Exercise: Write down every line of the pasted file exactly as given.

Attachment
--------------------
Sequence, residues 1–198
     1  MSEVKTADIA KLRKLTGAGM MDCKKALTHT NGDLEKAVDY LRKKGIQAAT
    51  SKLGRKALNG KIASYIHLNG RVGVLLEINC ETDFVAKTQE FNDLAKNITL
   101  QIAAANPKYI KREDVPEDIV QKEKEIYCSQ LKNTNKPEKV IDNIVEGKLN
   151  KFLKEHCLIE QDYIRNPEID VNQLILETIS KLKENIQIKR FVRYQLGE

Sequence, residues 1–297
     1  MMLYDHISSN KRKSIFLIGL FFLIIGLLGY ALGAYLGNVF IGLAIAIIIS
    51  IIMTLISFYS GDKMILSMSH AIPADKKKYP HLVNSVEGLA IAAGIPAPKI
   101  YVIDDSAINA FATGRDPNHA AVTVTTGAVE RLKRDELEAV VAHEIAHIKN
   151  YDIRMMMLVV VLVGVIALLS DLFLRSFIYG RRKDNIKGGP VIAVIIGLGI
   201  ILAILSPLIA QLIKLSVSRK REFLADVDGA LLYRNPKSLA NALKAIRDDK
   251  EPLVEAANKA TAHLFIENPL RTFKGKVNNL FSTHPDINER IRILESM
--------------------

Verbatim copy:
Sequence, residues 1–198
     1  MSEVKTADIA KLRKLTGAGM MDCKKALTHT NGDLEKAVDY LRKKGIQAAT
    51  SKLGRKALNG KIASYIHLNG RVGVLLEINC ETDFVAKTQE FNDLAKNITL
   101  QIAAANPKYI KREDVPEDIV QKEKEIYCSQ LKNTNKPEKV IDNIVEGKLN
   151  KFLKEHCLIE QDYIRNPEID VNQLILETIS KLKENIQIKR FVRYQLGE

Sequence, residues 1–297
     1  MMLYDHISSN KRKSIFLIGL FFLIIGLLGY ALGAYLGNVF IGLAIAIIIS
    51  IIMTLISFYS GDKMILSMSH AIPADKKKYP HLVNSVEGLA IAAGIPAPKI
   101  YVIDDSAINA FATGRDPNHA AVTVTTGAVE RLKRDELEAV VAHEIAHIKN
   151  YDIRMMMLVV VLVGVIALLS DLFLRSFIYG RRKDNIKGGP VIAVIIGLGI
   201  ILAILSPLIA QLIKLSVSRK REFLADVDGA LLYRNPKSLA NALKAIRDDK
   251  EPLVEAANKA TAHLFIENPL RTFKGKVNNL FSTHPDINER IRILESM